The county's first permanent courthouse was built in 1845–1847 and was designed by its builder, Alex Lee. It was a two-story Greek Revival building with a low central tower and an open lantern. It was torn down in 1869 because it was viewed as unsafe. A new courthouse was designed by the Des Moines firm of Foster and Liebbe; construction commenced in 1885 and it was completed in 1887. Its design is certainly one of the most exuberant and successful Richardsonian Romanesque courthouses within the state. A wonderful tiered corner tower dominates the design. This brick-and-stone tower, which is 181 feet high, contains four clock faces, each 8 feet in diameter, with a spire above. The architects dramatically contrasted the light-colored stone trim against the dark red Muscatine brick, creating a visual battle between the suggested solidity of masonry and the linear quality of the stone. Above the two principal entrances are two 8-foot-high castmetal sculptures: over the south entrance is Justice, over the west entrance, the Goddess of Liberty. (Regrettably, neither of these principal entries at the base of the tower now functions as an entrance into the building.)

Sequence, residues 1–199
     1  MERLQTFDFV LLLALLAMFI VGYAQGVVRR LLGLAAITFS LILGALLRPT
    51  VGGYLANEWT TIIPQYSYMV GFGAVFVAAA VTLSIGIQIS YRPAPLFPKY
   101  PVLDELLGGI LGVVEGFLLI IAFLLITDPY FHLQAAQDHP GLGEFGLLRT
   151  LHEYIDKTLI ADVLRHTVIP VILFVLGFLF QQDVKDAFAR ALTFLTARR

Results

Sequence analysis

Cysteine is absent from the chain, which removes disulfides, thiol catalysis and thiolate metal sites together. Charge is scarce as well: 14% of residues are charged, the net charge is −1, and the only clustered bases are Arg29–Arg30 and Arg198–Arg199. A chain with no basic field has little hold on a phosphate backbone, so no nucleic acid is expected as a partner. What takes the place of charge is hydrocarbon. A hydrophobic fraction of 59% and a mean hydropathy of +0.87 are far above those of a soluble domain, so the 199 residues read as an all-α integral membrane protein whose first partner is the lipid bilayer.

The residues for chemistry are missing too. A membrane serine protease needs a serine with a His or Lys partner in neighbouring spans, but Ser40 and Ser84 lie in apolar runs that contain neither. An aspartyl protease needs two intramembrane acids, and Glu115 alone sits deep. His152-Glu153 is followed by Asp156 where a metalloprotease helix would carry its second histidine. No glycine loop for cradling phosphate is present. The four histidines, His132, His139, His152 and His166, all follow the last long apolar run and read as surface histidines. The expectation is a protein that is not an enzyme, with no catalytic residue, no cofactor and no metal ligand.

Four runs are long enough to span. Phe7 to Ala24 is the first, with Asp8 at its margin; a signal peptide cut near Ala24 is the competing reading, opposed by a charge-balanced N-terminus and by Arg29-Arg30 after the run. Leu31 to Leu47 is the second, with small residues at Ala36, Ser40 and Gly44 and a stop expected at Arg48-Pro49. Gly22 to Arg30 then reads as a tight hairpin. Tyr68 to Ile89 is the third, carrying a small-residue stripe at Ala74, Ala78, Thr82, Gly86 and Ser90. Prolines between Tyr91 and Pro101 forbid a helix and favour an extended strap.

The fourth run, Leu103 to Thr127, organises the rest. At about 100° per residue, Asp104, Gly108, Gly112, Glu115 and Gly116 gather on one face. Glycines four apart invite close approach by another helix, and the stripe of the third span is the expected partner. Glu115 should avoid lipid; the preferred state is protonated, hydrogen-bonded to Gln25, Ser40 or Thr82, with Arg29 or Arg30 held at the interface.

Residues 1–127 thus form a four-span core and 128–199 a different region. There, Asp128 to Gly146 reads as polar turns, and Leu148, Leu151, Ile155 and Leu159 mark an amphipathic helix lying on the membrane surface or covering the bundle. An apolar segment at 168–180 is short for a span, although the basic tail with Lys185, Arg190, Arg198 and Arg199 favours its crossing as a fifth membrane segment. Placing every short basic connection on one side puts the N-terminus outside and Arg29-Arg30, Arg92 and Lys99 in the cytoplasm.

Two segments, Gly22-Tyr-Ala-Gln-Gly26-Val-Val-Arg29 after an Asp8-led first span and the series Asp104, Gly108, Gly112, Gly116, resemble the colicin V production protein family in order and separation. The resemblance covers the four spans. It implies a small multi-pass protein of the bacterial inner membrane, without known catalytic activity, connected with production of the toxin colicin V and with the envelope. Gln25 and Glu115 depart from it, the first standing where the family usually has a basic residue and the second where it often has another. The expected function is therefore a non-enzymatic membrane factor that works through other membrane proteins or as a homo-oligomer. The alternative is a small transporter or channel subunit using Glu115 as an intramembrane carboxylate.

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Washington County Courthouse
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